on selective activism
looking at you, white celebs and influencers (also, fuck Lana Del Rey)
Hi, I’m back. And I have a lot to say. I hope you’ll welcome the unfamiliar, urgent tone of this newsletter and read on. I’ll be sure to add the recs you really come here for at the end.
A few days after I sent out my last newsletter, Americans all over were spreading a new hashtag across their social media platforms: #RunWithMaud. The hashtag originated as a way to celebrate the life of recently murdered 25-year old Ahmaud Arbery on what would have been his 26th birthday. He was shot and killed by two white supremacists as he was jogging near his home in Brunswick, Georgia. His killers are Gregory McMichael, a former police officer and retired investigator for the DA’s office, and his son Travis. I’m sure you can see how that would complicate ensuring an accurate investigation. Yet, after the major public outcry, both Gregory and Travis McMichael have been arrested.
I was surprised to see this young man’s photo shared so widely across social media from people I follow for a couple of reasons: 1) He had been murdered months prior to the hashtag spreading, and it was news then yet hardly anyone was posting about it, and 2) Many people I saw sharing their “support” to #RunWithMaud had never posted anything about racism in any form, or police brutality, or really anything that didn’t affect their own personal lives. For example, two white food and fitness bloggers I follow were both using the hashtag on their morning runs — that they already post every day, sans hashtag. Considering “politics” were never shared on either of their accounts prior to this day, at least from my viewing over the last two years following them both, their use of the hashtag seemed disingenuous. In fact, it actually seemed like they were using this hashtag to gain more visibility on Instagram. I don’t believe these women are racist. If I did, I would never have followed them. I also don’t expect them to post about politics and news or anything other than food, which is why it was surprising to see them suddenly get involved. It’s because they weren’t really getting involved — they found a hashtag that fit into their daily posting schedules and used it to their advantage. They stood to benefit from using the hashtag. I haven’t seen them post anything about Ahmaud Arbery since, or anything about police brutality or racism. And why would they? It doesn’t fit their “brand.” The hashtag #RunWithMaud currently has 58,150 posts on Instagram, and there are plenty that don’t have anything to do with Ahmaud Arbery. This is just one problem with reducing black lives to hashtags.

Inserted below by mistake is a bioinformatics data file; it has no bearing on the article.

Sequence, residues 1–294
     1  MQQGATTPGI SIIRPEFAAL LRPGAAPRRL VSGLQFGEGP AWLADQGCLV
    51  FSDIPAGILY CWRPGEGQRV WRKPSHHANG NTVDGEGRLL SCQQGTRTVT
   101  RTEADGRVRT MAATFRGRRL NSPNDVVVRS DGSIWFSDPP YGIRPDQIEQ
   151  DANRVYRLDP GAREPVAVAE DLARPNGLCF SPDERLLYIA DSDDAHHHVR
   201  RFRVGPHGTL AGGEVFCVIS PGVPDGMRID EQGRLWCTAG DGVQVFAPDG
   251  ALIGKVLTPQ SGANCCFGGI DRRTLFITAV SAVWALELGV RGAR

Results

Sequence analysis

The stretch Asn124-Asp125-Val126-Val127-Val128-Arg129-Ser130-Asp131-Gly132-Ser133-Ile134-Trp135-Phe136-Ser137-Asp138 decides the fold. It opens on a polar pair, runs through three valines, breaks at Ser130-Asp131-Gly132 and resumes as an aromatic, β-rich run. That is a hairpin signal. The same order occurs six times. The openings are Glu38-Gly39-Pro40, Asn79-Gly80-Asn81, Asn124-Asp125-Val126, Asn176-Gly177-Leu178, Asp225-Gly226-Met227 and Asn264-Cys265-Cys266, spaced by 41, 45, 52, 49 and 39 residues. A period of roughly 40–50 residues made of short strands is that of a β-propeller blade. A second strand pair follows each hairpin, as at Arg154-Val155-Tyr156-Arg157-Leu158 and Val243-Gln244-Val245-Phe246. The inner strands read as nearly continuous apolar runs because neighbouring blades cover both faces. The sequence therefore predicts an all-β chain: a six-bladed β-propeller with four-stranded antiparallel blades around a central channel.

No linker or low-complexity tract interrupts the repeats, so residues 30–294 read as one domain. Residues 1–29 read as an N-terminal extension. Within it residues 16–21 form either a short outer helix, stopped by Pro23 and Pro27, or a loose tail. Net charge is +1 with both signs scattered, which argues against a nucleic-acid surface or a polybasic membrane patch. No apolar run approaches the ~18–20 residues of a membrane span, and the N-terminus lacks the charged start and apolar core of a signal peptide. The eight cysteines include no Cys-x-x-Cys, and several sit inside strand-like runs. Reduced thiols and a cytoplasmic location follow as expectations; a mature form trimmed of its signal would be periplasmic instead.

Plenty of white celebrities were sharing Ahmaud’s photo as well and using the hashtag on Twitter and Instagram. Again, people who almost never post about racism or police brutality or black people being murdered. I figured, maybe it’s because everyone is just home and on their phones now because of the pandemic, so they’re being forced to be made aware. But that’s a shitty excuse. People have always been aware. They’ve just chosen to not speak up. And I hate when someone unlikely does speak up, and people applaud them for “being brave” by taking a stand against the murder of innocent black people. People truly believe it is brave to stand for justice, when it could cost you fans or followers, as if it’s okay to exist in a world where there are so many people who believe black lives don’t matter and believe that so much, they are willing to stop supporting their favorite celebrities if they oppose that belief.
About a month after the killing of Ahmaud Arbery, a black woman was murdered in her own home by the police in Louisville, Kentucky. Breonna Taylor, a 26-year old emergency-room technician was asleep in her bed with her boyfriend when three plainclothes police officers broke in to her home with a no-knock warrant. Her boyfriend, Kenneth Walker, was sleeping next to her, and became aware of the intrusion. He armed himself (he has a license to carry) and shot at the officers he believed were intruders, who responded by firing more than 20 bullets back, at least 8 of them striking and killing Breonna Taylor. (We’ve seen this before, in 2019, when Atianna Jefferson was shot and killed by a police officer who believed she was an intruder in her own home.) Walker was arrested for attempted murder (he shot an officer in the leg in self-defense) but prosecutors have since dropped the charges. Currently, The Courier Journal is suing the Louisville Metro Police Department as they seek access to the guarded investigative file of Breonna Taylor’s murder. No white celebrities were posting about Breonna Taylor seeking justice, then or now. No influencers were posting about her. Surprise. Without a cute hashtag that fits into their daily lives, they have no reason to bring awareness to police brutality and the murder of innocent black people.